> seem consistent.
All good points, but "noisy" is certainly in the eye of the beholder.
I'd make a distinction between background and foreground noise. A
simple, regular syntax offers less background noise. I don't have to
commit lots of syntactic idioms and special cases to memory to read
and write in that language. Low background noise in Scheme, and I'm
responsible for whatever foreground noise I create with my syntactic
Haskell, with more inherent syntax, has more background noise but
perhaps limits the amount of foreground noise I can introduce because
it constrains me from the beginning...
OK, this analogy is starting to suck, so I'll move on... More on the
mathematical notation analogy below.
> Initially, syntax appears to be on a completely different level from all
> the deep "semantic" differences; but they are in reality deeply
> interconnected. The earlier comment I made about it being clumsy to do
> lazy programming in Scheme was precisely that the syntax is too noisy.
> Other places where lazy evaluation helps, in particular compositionality,
> could all be simulated in Scheme, but you'd have to introduce excessive
> syntax. The result of type inference is also a quieter expression of
> code. So if concise syntax is not desirable, then one may as well throw
> out laziness and type inference as well. Also, sections and currying.
> Also, do notation. And so on.
Well, yes. However, I think, and have found through personal
experience, that notation is one of the most personal aspects of
mathematics, and one of the most difficult things to get "right." Or
even "pretty good." Good notation that conveys meaning without
distraction and confusion (ah yes, the interconnection between syntax
and semantics rears it's head again) is extremely difficult to invent.
Like in mathematics, at the boundaries of creativity, I prefer the
freedom to create my own notation and syntax in order to express my
ideas about computation, and to adapt them to whatever relevant
community standards are appropriate (physicists, signal processors,
and image processing folks all have their own notations for
convolution). Haskell has an elegant and expressive, but already
quite defined and complex, syntax that is not particularly malleable.
Returning to your line of reasoning, why should one have to commit to
a single, already defined syntax instead of a minimal, regular one
which admits the possibility of extending and modifying the syntax to
fit my needs? It's a double-edged blade, obviously, because if I
botch my syntax extensions I ruin the regularity and simplicity I
originally had and don't communicate clearly to others or myself.
It's the same risk as in mathematics, and just a hard to get "right."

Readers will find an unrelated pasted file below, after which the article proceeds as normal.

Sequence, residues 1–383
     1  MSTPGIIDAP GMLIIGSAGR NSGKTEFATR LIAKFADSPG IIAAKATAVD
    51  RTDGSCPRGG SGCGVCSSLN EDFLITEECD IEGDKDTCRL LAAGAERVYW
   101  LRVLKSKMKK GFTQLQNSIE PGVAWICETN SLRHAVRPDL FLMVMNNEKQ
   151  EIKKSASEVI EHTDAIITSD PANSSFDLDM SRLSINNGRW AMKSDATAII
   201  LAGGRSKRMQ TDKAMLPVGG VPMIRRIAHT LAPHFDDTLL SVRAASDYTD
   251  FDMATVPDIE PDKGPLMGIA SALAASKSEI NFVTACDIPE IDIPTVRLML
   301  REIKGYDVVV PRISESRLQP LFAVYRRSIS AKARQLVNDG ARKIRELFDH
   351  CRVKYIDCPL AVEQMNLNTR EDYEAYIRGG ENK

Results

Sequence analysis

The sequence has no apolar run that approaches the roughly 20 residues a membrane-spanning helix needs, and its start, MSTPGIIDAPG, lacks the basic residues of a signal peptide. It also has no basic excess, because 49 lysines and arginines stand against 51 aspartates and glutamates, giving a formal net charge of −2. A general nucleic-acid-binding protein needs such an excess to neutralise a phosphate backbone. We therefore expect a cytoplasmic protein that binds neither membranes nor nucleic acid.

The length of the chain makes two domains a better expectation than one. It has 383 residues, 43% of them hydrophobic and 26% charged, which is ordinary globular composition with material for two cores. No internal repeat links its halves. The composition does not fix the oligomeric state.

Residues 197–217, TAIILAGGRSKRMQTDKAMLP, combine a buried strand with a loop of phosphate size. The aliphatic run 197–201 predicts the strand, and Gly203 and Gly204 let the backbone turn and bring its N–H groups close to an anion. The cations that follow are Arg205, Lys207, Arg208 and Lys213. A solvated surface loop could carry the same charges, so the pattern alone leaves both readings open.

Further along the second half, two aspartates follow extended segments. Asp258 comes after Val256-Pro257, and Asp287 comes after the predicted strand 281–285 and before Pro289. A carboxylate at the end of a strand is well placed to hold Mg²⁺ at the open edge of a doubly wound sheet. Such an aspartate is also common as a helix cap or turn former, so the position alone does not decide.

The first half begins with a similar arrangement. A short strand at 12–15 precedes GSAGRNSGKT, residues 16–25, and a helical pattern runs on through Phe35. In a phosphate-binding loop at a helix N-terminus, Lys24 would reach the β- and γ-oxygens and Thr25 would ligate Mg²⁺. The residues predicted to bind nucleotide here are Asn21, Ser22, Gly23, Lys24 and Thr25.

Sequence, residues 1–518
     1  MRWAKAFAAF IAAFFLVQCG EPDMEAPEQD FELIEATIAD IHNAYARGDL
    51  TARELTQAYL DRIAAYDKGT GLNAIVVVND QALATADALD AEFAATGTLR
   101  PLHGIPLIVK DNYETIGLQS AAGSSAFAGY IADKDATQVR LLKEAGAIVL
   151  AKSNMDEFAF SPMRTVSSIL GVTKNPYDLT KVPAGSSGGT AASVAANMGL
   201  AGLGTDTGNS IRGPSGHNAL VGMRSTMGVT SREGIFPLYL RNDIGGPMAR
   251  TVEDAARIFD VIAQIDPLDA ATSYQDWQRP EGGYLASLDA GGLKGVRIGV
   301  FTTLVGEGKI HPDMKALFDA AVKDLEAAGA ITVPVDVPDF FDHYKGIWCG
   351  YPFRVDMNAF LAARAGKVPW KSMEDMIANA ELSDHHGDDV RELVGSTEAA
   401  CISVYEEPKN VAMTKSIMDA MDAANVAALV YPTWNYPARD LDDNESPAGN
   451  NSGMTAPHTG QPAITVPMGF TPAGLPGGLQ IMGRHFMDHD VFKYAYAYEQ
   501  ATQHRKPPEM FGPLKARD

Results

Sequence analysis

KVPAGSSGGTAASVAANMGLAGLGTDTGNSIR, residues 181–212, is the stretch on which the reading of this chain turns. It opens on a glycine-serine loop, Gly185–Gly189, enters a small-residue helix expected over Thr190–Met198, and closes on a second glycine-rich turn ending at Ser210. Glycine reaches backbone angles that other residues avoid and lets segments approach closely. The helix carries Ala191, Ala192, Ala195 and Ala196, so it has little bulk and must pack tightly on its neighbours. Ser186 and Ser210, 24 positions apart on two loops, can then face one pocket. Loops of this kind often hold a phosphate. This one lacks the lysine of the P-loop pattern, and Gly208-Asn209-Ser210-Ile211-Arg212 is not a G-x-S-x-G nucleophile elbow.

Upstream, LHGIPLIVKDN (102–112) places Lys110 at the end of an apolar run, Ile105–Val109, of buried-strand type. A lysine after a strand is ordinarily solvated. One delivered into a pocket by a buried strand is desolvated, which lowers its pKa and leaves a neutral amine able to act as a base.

Do notation and sections are both syntactic constructs that irk me at
an almost visceral level about Haskell syntax, but I certainly see the
convenience of both and recognize that my opinion is wholly
subjective. That Scheme applications are non-currying by default is
one of the things that irks me now about Scheme...
> > In short, I think the orginal question must be asked in context. For
> > some problems, types are just a natural way to start thinking about
> > them. For others dynamic typing, with _judicious_ use of macros to
> > model key aspects, is the most natural approach.
> I wouldn't completely rule out, though, the impact of the person solving
> the problem on whether type-based problem solving is a natural and useful
> way to solve problems. Indeed, I would guess this probably ends up being
> a greater factor, in the end, than the problem. Unfortunately, we (as a
> general programming community) have caged ourselves into a box with the
> mantra "use the right tool for the job" such that we find it far too easy
> to dismiss something as the wrong tool merely because it is unfamiliar.
> My not being able to use a tool well may be a good reason for me, but
> it's a lousy reason for me to advise someone else.
Yes and no. I see your point about the person being central to the
problem solving itself, and "the right tool for the right job"
implicitly assumes that there is on "right" solution for a problem.
However, I can pretty much only base my advice to someone about what
tools to use on my own experience with those tools (qualified, of
course, with the upfront admission that it's based on personal
experience), and I would likewise be wary myself of someone giving
advice that wasn't tempered by experience. Theoretical discussions
about the theoretical underpinnings of tools seem to be an equally
lousy basis for such advice.